As you become more suspicious of all the gratuitous mental activity, you can begin to simply watch thoughts and emotions enter onto the stage of your awareness, do their brief little dance – and then move on without feeling the need to engage them all or feed them with attention or belief. (Ultimately, you might even notice that without the constant intervention of thought, there never really was a separate inner observer/subject that needed to be defended.)
So What Is The Big Treasure?
When you practice being far more selective as to which thoughts and emotions you engage, you discover you can always choose to simply rest in, or identify with, basic awareness no matter what is happening. Any time spent here will translate into a reduction in your daily mental drama, more peace of mind, and far more energy. You will notice an up-welling of contentment and connection. It will feel like your heart is opening, wide. You will stop sweating the small stuff, trust life more, and experience greater love, freedom, joy, clarity, and energy.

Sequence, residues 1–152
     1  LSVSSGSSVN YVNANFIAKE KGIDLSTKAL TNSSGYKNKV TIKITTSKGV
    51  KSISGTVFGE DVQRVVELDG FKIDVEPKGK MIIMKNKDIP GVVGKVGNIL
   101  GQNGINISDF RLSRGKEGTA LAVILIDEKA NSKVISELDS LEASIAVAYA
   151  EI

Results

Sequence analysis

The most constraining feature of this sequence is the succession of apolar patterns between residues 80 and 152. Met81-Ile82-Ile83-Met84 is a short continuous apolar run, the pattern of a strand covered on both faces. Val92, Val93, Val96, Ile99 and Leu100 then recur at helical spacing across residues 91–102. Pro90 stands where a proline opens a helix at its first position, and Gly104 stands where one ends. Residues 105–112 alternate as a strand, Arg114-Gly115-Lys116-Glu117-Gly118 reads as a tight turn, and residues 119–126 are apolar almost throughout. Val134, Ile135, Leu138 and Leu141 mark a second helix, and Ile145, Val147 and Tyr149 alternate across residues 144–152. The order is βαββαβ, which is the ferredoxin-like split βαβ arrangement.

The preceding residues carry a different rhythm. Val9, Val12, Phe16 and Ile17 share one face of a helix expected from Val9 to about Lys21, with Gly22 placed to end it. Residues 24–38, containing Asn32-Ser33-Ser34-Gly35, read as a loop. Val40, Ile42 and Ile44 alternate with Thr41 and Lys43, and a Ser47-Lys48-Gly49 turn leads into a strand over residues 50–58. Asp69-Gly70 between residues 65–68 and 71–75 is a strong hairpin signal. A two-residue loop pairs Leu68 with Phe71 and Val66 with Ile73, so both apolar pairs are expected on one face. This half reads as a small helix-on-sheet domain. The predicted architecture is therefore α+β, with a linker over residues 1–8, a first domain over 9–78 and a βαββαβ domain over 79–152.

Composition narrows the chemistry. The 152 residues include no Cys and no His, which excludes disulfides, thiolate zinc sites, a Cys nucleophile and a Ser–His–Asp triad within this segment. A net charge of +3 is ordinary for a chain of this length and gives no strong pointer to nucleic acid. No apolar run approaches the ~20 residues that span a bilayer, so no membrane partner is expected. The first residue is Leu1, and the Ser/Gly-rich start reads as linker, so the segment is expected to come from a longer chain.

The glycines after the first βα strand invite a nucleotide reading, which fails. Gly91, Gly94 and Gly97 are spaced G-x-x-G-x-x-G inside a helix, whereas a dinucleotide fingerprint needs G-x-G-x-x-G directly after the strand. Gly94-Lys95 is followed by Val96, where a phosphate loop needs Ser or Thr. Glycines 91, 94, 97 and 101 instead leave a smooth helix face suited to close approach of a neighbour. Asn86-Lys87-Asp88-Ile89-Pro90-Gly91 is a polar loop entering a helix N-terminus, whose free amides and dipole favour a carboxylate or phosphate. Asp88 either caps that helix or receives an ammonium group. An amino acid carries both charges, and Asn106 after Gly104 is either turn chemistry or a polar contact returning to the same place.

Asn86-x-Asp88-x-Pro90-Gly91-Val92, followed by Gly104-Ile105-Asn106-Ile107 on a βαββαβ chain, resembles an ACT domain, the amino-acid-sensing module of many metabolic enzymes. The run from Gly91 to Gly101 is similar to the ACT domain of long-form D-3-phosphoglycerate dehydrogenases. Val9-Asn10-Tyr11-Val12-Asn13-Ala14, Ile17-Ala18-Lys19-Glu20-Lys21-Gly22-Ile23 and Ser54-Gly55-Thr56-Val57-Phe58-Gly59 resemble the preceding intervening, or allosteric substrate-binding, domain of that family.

It is quite a treasure, and one you can use to pursue your most meaningful and rewarding work in the new year, free from the old limits that may have been holding you back for too long.
“Where we had thought to find an abomination, we shall find a god; where we had thought to slay another, we shall slay ourselves; where we had thought to travel outward, we shall come to the center of our existence; where we had thought to be alone,……
we shall be with all the world.”
– Joseph Campbell
Information And Resources For My Fellow Coaches
New (Free) Video Series On Marketing Tips For Coaches
I have started a new video series of marketing tips for newer coaches titled, “Steve’s Marketing Minutes.” If you want to check out the first 2 videos, in which I talk about the need to start early with your business development, and a few key opportunities and challenges inherent in marketing coaching, simply go to my Facebook Page at BusinessAndLifeCoaching. If you want to catch the rest of the series as soon as they become available, simply “Like” my Facebook Page. In this series I will be discussing many of the common challenges coaches face in building a successful practice, and I will be sharing tips and a few proven strategies to help you avoid the bigger potholes, and move forward faster.